include fastcgi_params;

Now let us create the directory where the site will reside and assign proper ownership to it.

mkdir /var/www/
chown -R www-data:www-data /var/www/

Next, we should download and configure a FastCGI wrapper script (credit: Denis S. Filimonov), a Debian init script to start/stop the FastCGI process, give them the necessary permissions to be executed and set the init script to start up the FastCGI daemon automatically.

wget -O /usr/bin/
wget -O /etc/init.d/perl-fcgi
chmod +x /usr/bin/
chmod +x /etc/init.d/perl-fcgi
update-rc.d perl-fcgi defaults
insserv perl-fcgi

Now that everything is done, let us start Nginx and test out a sample Perl script.

/etc/init.d/nginx start
/etc/init.d/perl-fcgi start
vi /var/www/

Put the following in the file :


print "Content-type:text/html\n\n";
print <<EndOfHTML;
<html><head><title>Perl Environment Variables</title></head>
<h1>Perl Environment Variables</h1>

foreach $key (sort(keys %ENV)) {
  print "$key = $ENV{$key}<br>\n";

print "</body></html>";

Let us make the script executable by issuing the following command :

chmod a+x /var/www/

Now, go to and you’ll see a list of Perl environment variables if everything was done correctly.

Denying access to a directory

Similar to Apache’s Deny from all, nginx has the deny all directive.

To deny access to a directory called ‘dirdeny’ and return a “403 Forbidden” header, use this code within your configuration file:

location /dirdeny {
        deny all;
        return 403;

Password protect a directory

Unlike Apache, nginx does not have any .htaccess file. Password protection is achieved by using the Nginx HttpAuthBasic module directives in the configuration file.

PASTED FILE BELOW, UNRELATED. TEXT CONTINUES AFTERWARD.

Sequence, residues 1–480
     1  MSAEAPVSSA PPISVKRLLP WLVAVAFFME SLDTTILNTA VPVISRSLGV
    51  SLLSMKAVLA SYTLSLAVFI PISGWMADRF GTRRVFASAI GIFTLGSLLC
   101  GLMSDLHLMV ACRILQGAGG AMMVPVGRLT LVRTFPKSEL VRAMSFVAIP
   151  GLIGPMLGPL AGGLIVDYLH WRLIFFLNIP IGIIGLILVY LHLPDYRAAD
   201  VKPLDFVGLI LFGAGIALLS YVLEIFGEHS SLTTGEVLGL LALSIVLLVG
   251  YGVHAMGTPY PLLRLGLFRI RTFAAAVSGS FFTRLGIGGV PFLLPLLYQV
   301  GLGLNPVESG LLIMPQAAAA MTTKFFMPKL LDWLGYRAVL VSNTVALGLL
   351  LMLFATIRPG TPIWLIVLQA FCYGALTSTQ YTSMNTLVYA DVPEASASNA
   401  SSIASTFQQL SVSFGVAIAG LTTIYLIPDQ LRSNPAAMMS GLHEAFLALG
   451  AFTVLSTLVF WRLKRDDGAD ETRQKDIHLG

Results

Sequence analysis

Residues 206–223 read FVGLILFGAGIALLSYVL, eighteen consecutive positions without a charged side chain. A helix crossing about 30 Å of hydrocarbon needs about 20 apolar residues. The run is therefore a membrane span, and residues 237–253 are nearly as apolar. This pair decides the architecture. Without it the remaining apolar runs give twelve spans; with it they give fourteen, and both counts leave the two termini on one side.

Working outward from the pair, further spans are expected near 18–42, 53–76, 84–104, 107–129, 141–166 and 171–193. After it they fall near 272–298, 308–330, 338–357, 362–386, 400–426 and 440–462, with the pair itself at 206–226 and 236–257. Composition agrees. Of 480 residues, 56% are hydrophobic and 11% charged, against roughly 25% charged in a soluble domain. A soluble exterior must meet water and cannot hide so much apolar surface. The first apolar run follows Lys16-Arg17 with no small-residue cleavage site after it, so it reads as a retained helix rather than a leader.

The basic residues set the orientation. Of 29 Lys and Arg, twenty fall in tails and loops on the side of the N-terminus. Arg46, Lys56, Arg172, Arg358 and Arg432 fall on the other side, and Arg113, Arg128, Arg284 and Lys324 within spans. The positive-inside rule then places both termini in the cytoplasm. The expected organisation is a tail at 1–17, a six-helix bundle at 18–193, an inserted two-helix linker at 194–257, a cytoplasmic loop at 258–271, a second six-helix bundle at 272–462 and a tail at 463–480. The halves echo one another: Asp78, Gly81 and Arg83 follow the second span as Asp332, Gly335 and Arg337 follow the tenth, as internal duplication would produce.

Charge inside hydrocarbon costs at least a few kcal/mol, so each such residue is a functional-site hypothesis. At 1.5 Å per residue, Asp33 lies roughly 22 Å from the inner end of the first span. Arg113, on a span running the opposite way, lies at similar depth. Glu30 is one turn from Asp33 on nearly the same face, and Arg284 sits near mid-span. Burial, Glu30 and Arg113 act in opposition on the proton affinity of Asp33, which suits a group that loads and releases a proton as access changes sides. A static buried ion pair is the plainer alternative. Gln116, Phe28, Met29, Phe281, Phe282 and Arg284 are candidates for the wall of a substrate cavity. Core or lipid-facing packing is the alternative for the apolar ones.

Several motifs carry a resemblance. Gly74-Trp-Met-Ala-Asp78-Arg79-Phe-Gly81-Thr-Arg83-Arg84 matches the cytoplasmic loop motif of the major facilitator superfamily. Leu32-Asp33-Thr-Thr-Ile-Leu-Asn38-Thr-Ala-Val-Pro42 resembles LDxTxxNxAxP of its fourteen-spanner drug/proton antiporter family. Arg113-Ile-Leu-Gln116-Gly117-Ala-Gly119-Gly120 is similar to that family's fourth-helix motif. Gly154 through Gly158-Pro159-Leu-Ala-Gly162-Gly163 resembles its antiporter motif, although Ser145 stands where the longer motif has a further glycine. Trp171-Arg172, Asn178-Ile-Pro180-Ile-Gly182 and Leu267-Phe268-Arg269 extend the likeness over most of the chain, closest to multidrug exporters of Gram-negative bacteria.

To password protect a directory called secret_folder, use the following directives inside the server block in the configuration file for your website.

location ^~ /secret_folder/ {
auth_basic            "Restricted Area";
auth_basic_user_file  conf/htpasswd;

This will password protect the directory, it’s sub folders and the files inside it. Change auth_basic_user_file directive to point to your htpasswd file. If your are using nginx version 0.6.7 or higher, note that the filename path is relative to directory of nginx configuration file, nginx.conf, rather than nginx prefix directory. So, if your nginx.conf is in /etc/nginx folder, the above code will use the htpasswd file in /etc/nginx/conf folder.

Here’s the format of the htpasswd file :


Passwords must be encoded by the crypt(3) function if Apache is not installed. If Apache is installed, you can use the htpasswd program to generate the htpasswd file:

htpasswd -b htpasswd NewUser NewPassword

If you want to use a web based utility to generate your htpasswd file, I’d recommend the excellent .htaccess Password Generator utility from Dynamic Drive.

In order to password protect the whole site, use the same code within location / block.

location / {
auth_basic            "Restricted Area";
auth_basic_user_file  conf/htpasswd;

Enable directory listing

Enabling directory listing in a folder in nginx is simple enough with just an autoindex on; directive inside the location directive. You can also enable sitewide directory listing by putting it in the server block or even enable directory access for all sites by putting it in the http block.

An example config file:

server {
        listen   80;
        access_log  /var/...........................;
        root   /path/to/root;
        location / {
                index  index.php index.html index.htm;
        location /somedir {
               autoindex on;

A live example can be found here.